5. You can use a coffee filter and wait for an hour or more, or do as I do and run the whole mixture through a French coffee press.
  6. Once you're satisfied with the clarity of your mix, heat it back up on the stovetop or microwave, and then add ¾ cup of agave syrup to each cup of your hot mix.
  7. Stir until combined, and store in the attractive bottle of your choice.
  8. You now have a syrup that you can carbonate with seltzer water; I use my iSi soda siphon for some nicely-textured bubbles.
  9. To assemble a gin and tonic, use ¾ ounce of syrup, 1½ ounces of gin and 2 ounces of soda water over ice.

Recipe printed courtesy of jeffreymorgenthaler.com

261 Replies to “How to Make Your Own Tonic Water”

  • mary clark says:

    Hello Jeffrey, I am pretty lazy. Where can I purchase traditional tonic water in the U.S?
    I found sites in London but not one here.
    Thank You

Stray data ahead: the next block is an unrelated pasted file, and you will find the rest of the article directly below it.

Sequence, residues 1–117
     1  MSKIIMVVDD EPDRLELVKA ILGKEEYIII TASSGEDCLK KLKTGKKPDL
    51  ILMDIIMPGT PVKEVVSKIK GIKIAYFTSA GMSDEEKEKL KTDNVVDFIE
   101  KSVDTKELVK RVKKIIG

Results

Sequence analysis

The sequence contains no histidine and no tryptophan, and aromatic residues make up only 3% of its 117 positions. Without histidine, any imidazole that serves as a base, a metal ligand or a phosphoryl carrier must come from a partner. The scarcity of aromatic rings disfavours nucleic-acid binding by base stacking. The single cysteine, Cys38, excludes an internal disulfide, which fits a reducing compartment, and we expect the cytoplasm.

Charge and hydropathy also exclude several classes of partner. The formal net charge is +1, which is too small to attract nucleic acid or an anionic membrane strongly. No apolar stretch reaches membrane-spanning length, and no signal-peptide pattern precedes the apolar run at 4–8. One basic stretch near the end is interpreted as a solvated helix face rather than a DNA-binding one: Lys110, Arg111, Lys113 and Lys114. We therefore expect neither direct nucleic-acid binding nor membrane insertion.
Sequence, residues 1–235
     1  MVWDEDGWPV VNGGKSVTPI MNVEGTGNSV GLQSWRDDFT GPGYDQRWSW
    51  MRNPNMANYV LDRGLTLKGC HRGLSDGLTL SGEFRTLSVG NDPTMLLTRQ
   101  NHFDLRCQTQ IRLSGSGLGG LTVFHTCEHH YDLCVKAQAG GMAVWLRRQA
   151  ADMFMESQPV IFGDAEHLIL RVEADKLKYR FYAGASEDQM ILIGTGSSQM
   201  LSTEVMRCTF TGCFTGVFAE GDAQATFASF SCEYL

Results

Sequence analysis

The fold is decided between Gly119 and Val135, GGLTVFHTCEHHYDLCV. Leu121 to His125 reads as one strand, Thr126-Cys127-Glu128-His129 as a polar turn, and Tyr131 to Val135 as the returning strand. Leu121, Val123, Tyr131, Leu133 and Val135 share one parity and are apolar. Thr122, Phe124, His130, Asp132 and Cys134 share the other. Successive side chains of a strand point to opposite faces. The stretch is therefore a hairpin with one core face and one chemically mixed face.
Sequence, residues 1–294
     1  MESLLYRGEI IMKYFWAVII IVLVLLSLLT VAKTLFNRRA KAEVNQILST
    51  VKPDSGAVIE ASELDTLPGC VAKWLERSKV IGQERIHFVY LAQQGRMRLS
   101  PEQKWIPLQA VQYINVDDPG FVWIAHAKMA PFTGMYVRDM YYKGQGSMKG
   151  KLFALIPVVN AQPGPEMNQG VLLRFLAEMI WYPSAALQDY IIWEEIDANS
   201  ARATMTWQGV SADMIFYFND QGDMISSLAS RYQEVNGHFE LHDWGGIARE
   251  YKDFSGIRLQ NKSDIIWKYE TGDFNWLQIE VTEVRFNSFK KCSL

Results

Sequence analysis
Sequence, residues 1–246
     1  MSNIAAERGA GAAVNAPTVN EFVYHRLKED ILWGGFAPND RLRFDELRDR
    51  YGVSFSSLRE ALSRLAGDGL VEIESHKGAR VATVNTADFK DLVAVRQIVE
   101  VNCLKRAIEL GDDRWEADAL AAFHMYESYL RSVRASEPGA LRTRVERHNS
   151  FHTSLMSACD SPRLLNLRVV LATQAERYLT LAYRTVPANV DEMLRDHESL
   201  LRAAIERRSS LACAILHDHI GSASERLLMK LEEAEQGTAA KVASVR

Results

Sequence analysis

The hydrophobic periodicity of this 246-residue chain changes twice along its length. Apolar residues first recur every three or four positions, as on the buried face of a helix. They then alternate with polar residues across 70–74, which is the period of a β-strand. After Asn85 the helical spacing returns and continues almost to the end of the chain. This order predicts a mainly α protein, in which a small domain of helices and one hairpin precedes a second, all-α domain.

• Richard says:

    Please check out this site for hidden names of msg – it might shine some light on the citric acid subject

    http://www.msgmyth.com/hidename.htm

  • Kevin says:

    Anyone know where you can buy cinchona bark and citric acid in NYC? I’ve been to quite a few shops and haven’t found anyone who stocks the bark.

  • Graeme says:

    Jeffrey,
    This idea got me so excited I ordered the ingredients the day I read your article, but my first attempt turned out terribly. Brutally acidic, overwhelmingly lemony, and with hardly any discernable quinine bite. A few potential problems I noticed:
    1. My cinchona came as intact bark, rather than powder, though I sent it through a food processor for a good while before using it.
    2. The recipe doesn’t specify dried or fresh lemongrass. I’m using dried.
    3. The recipe doesn’t specify citric acid salt or citric acid solution. I used 1/4 cup citric acid salt.
    Let me know what you think; I am determined to get this right.
    Also, is there any way to make the final syrup colorless? That would look extremely polished!

  • caver01 says:

    Graeme,